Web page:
How the success of block.one is linked to EOS

This article is a repost of the Voice article I published before Voice abandoned their original idea and completely changed directions. I am uploading it to Medium as several people have requested the article. I

Disclaimer: This article represents my own thoughts and not necessarily those of Chintai, EOS42, or any other company with which I do business or share association. It is not based on inside knowledge. This is not financial advice.

Introduction

To understand the strategy involved, it is important to understand the true fundamentals of blockchain technology and why it exists. The main reasons to use blockchain are:

  • To make information resistant to censorship
  • To prove the authenticity of the origin of a transaction

These two specific points are the only difference between a blockchain and a normal database, and it is exactly this fundamental use case for blockchain that is going to reveal the true value of EOS, and form the foundation for my argument on block.one’s strategy.

What is block.one’s motivation?

So how do they plan to make a profit?

If they were only interested in maximizing profits by playing the market, why bother to continue development of the EOSIO ecosystem? They currently have a technical team of approximately 98 employees (LinkedIn) working every day on making EOSIO technology better for everyone.

I believe their plan to make profits comes from the fact that they hold 10% of the tokens on the EOS Mainnet, and this combined with the resource model of EOS will be a major way to generate profits for their company going forwards. But for this to make sense, we must first understand how simply holding EOS tokens can earn you money.

How does holding EOS lead to profit?

EOS moves from being a fee-less blockchain to a chain where you must pay a fee in order to push transactions on to the blockchain. Doing this gets you access to resources that allow you to interact with the chain, and then those fees are distributed to whoever owns and stakes their EOS tokens in the network.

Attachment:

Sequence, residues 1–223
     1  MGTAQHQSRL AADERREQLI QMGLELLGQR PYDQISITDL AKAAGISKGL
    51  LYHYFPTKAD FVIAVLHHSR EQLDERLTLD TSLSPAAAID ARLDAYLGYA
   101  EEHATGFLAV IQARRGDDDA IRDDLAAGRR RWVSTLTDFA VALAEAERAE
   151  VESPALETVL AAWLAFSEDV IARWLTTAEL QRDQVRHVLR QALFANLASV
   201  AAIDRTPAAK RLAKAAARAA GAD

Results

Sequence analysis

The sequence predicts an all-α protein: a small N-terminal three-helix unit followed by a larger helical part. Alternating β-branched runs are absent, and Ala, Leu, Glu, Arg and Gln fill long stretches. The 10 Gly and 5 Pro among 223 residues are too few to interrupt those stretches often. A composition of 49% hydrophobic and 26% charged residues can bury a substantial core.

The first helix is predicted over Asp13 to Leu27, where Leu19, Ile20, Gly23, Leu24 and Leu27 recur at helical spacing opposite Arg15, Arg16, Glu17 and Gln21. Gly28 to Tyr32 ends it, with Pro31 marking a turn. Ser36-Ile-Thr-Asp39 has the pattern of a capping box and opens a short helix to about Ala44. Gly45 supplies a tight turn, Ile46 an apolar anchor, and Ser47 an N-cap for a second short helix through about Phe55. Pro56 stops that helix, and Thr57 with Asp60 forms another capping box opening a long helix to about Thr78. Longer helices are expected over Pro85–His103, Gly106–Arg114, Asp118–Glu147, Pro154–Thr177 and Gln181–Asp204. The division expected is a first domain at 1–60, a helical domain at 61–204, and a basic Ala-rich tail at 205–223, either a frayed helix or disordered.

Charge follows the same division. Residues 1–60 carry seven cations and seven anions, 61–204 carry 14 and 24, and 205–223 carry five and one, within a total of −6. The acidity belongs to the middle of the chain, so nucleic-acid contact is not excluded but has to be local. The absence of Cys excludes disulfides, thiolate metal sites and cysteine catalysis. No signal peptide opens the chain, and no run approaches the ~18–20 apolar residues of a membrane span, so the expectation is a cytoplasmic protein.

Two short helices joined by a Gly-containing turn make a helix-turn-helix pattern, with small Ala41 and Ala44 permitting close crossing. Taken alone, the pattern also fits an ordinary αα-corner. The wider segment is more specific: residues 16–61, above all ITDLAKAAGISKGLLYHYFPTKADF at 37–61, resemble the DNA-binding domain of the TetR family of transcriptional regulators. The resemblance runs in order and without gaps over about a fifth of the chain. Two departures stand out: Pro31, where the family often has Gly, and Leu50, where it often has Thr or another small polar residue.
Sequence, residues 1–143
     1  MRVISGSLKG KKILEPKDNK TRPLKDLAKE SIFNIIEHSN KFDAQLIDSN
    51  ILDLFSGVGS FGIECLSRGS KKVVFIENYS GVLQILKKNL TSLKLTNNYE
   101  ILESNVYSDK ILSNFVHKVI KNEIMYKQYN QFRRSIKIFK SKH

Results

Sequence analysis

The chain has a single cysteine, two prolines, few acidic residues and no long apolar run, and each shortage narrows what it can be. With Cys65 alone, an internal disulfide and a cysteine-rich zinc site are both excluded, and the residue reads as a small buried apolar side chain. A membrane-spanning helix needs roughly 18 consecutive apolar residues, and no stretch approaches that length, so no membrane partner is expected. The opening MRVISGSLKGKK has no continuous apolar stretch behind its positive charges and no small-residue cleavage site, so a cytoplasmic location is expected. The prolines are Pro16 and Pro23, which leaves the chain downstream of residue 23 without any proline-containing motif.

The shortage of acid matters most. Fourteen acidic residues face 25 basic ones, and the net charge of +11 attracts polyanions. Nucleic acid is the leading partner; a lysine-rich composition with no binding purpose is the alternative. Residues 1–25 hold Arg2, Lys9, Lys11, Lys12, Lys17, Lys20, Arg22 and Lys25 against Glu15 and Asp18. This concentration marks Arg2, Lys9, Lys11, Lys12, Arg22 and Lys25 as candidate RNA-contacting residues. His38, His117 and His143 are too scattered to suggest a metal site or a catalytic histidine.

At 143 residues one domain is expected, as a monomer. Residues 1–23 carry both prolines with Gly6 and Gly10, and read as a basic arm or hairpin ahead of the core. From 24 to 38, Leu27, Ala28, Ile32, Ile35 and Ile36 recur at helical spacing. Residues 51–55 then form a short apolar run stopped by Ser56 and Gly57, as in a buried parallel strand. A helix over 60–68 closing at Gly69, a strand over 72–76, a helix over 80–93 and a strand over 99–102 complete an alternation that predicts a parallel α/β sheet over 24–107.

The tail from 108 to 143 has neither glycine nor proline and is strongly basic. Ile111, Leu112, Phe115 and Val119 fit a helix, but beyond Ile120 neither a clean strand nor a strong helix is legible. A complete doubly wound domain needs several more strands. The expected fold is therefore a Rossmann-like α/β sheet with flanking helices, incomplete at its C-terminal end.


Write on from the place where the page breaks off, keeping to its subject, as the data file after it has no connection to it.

In a way, this is similar to how Ethereum works with gas fees, with the key difference being that gas fees are paid to miners, whereas EOS fees are paid to token holders.

This creates an immediate alignment of incentives. With block.one being the largest single holder of EOS tokens, and fees from the network being used to pay token holders, we have a situation where block.one is incentivized to get people to use the EOS Mainnet blockchain.

To put this into perspective, with block.one having 96 million EOS tokens (4 million from the original amount have been used to buy ram), and assuming they could make 5% returns year on year at a token price of $3, then they would have a regular revenue of $14.4 million. This is not much money for a company of their size, but the revenue would scale with the token price, they could consistently make $1 billion a year if they could get the token price to $200, and I intend to show that this is possible and the ideal outcome of their endeavours.